Certified Kubernetes Security Specialist (CKS) Preparation based on CNCF CKS curriculum.
Approach to this preparation guide
This guide is being authored before actual certification has went live. The best approach to be most prepared for this certification is to know all of the required domains and competences really well. I’ve based this preparation guide on the available curriculum. I do not aim to author 100% of the content for the CKS preparation, instead, I will aim to rely on existing resources where possible and only fill-in remaining gaps myself.
Domains & Competencies
Cluster Setup – 10%
Use Network security policies to restrict cluster level access
- Network Policies - Official documentation - kubernetes.io
- Get started with Kubernetes network policy - calico is the leading implementation of Network Policy in kubernetes and comes as default option on managed Kubernetes like GKE. There are 3 tutorials to practice your Network Policy skills. - projectcalico.org
- kubernetes-network-policy-recipes Excellent collection of Network Policy examples by ahmetb - github.com
- Kubernetes Network Policies Best Practices - article on Network Policies best practices - alcide.io
- Exploring Network Policies in Kubernetes - thorough exploration of Netowork Polcies - banzaicloud.com
Use CIS benchmark to review the security configuration of Kubernetes components (etcd, kubelet, kubedns, kubeapi)
- CIS Benchmarks can be found on official CIS website and unfortunately are not available in bite-size form - cisecurity.org
- It is unreasonable to expect examinee to know all of the available (and always growing) CIS Benchmarks. It is likely that exam will expect you to perform CIS benchmark analysis using Open Source tools. One that comes to mind is kube-bench. It is even mentioned on CNCF Cloud Native Landscape - cncf.io
- Alcide Advisor is another tool that can be run against the cluster to evaluate CIS Benchmarks - github.com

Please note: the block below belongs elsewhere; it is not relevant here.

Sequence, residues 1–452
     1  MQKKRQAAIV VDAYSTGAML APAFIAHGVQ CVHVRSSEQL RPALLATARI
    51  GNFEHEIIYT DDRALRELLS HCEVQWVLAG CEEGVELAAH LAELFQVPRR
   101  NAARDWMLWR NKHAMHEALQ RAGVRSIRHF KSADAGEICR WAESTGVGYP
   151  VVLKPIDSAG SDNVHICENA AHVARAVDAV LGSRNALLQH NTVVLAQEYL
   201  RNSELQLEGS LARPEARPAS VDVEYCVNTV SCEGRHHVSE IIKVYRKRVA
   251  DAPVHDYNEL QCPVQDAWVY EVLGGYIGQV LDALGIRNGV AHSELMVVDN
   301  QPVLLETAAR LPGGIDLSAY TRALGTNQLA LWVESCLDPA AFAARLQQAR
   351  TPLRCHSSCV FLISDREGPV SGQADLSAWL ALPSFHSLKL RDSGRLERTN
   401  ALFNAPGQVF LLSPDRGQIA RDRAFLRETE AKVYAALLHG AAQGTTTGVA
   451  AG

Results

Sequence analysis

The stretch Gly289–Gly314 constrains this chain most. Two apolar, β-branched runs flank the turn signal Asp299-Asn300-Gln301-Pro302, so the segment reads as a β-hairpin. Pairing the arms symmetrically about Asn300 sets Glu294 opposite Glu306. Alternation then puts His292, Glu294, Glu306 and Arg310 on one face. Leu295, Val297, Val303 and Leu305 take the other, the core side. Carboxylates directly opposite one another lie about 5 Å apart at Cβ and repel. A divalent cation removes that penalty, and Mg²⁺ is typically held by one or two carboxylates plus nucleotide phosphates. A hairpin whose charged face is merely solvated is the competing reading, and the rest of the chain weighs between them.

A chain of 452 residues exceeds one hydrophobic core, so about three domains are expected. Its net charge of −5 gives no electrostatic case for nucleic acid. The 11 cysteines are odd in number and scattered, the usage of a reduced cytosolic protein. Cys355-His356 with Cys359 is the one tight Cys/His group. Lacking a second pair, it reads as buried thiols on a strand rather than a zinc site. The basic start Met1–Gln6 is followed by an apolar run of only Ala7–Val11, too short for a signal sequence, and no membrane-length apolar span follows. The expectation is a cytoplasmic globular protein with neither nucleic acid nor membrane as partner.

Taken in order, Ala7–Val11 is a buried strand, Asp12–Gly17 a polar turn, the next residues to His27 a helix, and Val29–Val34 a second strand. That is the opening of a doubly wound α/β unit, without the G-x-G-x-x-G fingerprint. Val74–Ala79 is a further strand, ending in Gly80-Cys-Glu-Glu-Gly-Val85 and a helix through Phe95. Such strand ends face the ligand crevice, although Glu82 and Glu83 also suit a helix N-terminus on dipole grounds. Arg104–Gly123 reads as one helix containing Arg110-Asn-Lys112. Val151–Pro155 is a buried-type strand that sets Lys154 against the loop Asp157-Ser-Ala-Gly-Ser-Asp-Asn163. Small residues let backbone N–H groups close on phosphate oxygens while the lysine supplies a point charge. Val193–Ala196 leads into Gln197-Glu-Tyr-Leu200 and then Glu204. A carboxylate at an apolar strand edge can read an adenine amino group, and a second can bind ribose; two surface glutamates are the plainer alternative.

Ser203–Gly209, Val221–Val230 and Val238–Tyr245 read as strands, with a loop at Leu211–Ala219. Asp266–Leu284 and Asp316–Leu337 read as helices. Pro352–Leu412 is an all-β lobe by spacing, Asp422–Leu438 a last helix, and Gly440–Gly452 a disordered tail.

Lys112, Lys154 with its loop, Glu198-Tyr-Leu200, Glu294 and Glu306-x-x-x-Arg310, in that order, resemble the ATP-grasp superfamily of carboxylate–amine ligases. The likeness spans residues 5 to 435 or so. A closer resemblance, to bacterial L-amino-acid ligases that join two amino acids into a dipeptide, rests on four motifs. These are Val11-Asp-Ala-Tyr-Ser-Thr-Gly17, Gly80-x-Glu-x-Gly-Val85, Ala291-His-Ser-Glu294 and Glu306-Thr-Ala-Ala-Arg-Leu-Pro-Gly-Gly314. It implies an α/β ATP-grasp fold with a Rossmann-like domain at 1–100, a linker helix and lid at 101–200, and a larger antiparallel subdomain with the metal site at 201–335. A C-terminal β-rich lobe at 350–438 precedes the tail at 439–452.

Properly set up Ingress objects with security control
Protect node metadata and endpoints
Minimize use of, and access to, GUI elements
Verify platform binaries before deploying
Cluster Hardening – 15%
- Restrict access to Kubernetes API
- Use Role Based Access Controls to minimize exposure
- Using RBAC Authorization - Official documentation - kubernetes.io
- Two types of scopes - ClusterRole and Role
- ClusterRole is a powerful, cluster-wide resource, it has to be matched with ClusterRoleBinding. Always prefer to use a regular Role, unless you really need a uniform access across all namespaces.
- Role is namespaced resource, meaning that it can only impact permissions within a namespace where it exists. It has to be matched with RoleBinding.
- It is likely that you will be tasked to configure the least privilege RBAC. Things to be mindful of:
- Exercise caution in using service accounts e.g. disable defaults, minimize permissions on newly created ones
You can disable default token auto-mounting on namespace or a pod level. While default namespace service account have the same permissions as unauthorised user, this technique prevents over-granting of permissions when additional roles are bind to the default service account. This will prevent bearer token being placed in